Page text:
David Einhorn, a hedge fund manager worth north of a billion dollars, isn’t bullish on technology stocks. In a letter to his investors sent today, Einhorn described the current market environment as the “second tech bubble in 15 years.”
Calling today an “echo of the previous tech bubble,” Einhorn notes that there are currently “fewer large capitalization stocks and much less public enthusiasm” this time around. This means that the current bubble, such as it is, is smaller, and when it does deflate — how rapidly we’ll have to see — there will be less carnage — blood, red ink, or otherwise.
It’s worth our time to walk through Einhorn’s arguments concerning tech stocks and accounting practices. Here are a few “indications” that demonstrate, according to Einhorn, that “we are pretty far along” in the current bubble:
Valuing companies not based on their current profitability, and reasonable expectations of their future profitability, but instead on their pure revenue growth or other metrics is considered mostly reasonable at the moment. If it weren’t, Box wouldn’t get to go public, and things like this would certainly not happen. Thinking simply, Einhorn’s first and third bullet points are linked tightly. If we used conventional, even traditional, methods of calculating the valuation of many technology companies today that sport valuations north of a $1 billion, there would need to be a large correction.
Einhorn expects things to settle down, making the following historical argument:
This is a pretty decent encapsulation of the mental shift in the market in a post-bubble environment. Once it gets a little harder to raise more money, you have to either have your own or make some more. Cash on hand and profits are, after all, the fuel and goal of business.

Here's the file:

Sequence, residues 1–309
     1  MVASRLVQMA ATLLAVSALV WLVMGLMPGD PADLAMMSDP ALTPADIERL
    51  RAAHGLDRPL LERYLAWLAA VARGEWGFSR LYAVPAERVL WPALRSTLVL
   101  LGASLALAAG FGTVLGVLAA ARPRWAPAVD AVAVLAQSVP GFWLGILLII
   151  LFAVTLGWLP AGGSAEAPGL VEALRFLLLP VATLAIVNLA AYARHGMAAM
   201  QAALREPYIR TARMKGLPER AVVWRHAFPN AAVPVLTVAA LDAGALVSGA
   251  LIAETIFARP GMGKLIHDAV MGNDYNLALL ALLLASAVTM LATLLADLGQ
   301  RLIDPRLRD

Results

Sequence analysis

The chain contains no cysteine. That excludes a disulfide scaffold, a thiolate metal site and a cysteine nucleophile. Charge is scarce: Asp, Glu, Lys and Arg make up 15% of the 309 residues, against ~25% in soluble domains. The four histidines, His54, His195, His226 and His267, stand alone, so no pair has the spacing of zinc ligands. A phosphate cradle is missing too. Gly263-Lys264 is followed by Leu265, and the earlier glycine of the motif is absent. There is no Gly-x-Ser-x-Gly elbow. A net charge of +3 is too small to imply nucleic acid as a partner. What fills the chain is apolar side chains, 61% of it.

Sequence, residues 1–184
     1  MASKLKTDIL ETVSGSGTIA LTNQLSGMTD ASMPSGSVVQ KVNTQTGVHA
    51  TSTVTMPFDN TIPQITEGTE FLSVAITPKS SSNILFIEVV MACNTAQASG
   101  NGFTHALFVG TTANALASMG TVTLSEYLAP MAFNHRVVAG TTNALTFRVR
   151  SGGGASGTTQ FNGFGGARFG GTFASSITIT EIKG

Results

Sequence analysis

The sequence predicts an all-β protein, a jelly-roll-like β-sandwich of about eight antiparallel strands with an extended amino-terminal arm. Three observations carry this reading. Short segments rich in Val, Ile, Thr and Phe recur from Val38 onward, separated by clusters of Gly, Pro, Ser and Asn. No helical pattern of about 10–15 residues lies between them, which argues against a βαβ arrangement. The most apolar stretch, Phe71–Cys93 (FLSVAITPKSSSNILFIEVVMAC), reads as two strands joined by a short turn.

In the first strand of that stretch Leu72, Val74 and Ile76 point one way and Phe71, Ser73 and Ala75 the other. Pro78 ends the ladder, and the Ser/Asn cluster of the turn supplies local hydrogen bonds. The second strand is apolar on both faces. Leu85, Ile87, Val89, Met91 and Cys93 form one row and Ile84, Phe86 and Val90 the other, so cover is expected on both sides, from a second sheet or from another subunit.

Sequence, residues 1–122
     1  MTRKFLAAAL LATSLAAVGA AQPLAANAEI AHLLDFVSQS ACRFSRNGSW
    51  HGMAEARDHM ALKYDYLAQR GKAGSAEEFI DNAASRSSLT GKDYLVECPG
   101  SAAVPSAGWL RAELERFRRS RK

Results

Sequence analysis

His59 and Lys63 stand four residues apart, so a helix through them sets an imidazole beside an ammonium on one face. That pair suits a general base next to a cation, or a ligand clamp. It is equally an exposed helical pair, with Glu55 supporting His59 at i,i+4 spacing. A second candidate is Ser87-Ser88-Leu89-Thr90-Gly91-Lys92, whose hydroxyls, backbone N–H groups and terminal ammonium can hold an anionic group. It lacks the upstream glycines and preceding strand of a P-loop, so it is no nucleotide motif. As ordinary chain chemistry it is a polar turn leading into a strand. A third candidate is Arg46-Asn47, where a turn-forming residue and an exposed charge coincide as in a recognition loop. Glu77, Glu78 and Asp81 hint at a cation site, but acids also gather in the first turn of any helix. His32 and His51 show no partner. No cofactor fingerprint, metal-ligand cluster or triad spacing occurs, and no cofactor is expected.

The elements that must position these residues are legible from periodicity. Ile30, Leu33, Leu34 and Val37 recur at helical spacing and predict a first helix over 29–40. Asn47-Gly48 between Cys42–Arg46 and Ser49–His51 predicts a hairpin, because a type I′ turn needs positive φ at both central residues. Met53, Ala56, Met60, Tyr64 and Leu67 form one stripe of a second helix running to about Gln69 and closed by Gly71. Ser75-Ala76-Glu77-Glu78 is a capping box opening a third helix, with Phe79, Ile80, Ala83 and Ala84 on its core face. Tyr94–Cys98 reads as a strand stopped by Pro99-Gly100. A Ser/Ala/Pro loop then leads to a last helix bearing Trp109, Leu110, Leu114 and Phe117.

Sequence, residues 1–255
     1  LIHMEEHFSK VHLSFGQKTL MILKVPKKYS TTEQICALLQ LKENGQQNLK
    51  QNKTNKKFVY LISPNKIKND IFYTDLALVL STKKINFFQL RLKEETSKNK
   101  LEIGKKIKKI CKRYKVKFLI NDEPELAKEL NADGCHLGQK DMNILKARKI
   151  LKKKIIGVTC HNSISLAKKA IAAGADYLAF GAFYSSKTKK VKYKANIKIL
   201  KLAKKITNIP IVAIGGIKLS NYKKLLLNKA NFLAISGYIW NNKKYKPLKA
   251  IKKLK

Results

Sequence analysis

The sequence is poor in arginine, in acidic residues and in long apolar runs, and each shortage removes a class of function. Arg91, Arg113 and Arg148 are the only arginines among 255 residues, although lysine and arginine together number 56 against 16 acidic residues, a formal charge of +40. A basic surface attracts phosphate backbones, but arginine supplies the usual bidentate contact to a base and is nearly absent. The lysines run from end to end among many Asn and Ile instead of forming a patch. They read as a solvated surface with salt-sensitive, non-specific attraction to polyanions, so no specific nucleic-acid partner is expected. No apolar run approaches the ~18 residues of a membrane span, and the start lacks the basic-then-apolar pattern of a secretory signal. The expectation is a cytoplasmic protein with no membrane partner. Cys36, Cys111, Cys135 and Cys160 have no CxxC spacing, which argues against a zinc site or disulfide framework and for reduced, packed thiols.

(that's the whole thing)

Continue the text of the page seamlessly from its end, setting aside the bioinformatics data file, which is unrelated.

Einhorn thus thinks that many technology stocks are comically overvalued, so he’s shorting them:
What’s interesting is that Einhorn thinks that a cadre of companies out there are potentially so overvalued that they could lose 90% of their value:
Damn. I don’t disagree. The question is how long investors will be content to watch firms lose money in the name of revenue growth.
Finally, Einhorn isn’t impressed with your non-GAAP earnings that discount the cost of paying employees with stock in addition to cash. It’s trendy — perhaps it always has been — to report on cash-based expenses in adjusted earnings statements. Einhorn doesn’t like this:
At least in a long-term sense, this is very reasonable. It ties into the above points concerning valuation metrics: If we are discounting the cost of non-cash expenses in our valuing of emerging technology companies, we’re probably skewing more than a little.
Are we going to stop anytime soon? Probably not. As TechCrunch recently reported:
There is a reason it feels like everyone and anyone is raising money to build a company: They are. According to two studies, capital raised from venture capitalists by growing, private companies is at its highest point since 2001.
A study by MoneyTree pegs the total sum raised in the first quarter at $9.47 billion. By its number, that is the highest figure since the second quarter of 2001, when venture capital invested $11.5 billion. The year-ago quarter according to the study saw a more modest $6.01 billion of inflow.
A separate study by DJX VentureSource has a slightly different figure for the period, estimating total first quarter investment at $10.7 billion. It also estimates the comparative 2001 figure at $11.5 billion, however.
Keep in mind that venture capital spiked to more than $28 billion per quarter in the last bubble, so we are not utterly out of control. But I think that Einhorn does correctly call down parts of technology as overheated.
On the other hand, large technology companies — Amazon aside, as always — are valued modestly. Microsoft’s trailing price-earnings ratio is 14.81 and Apple’s is 13.22.
So, while we’re seeing elements of technology get slightly goofy, there is sanity to be found as well.
H/T to ValleyWag for bringing the letter to our attention.
Article source: TechCrunch.com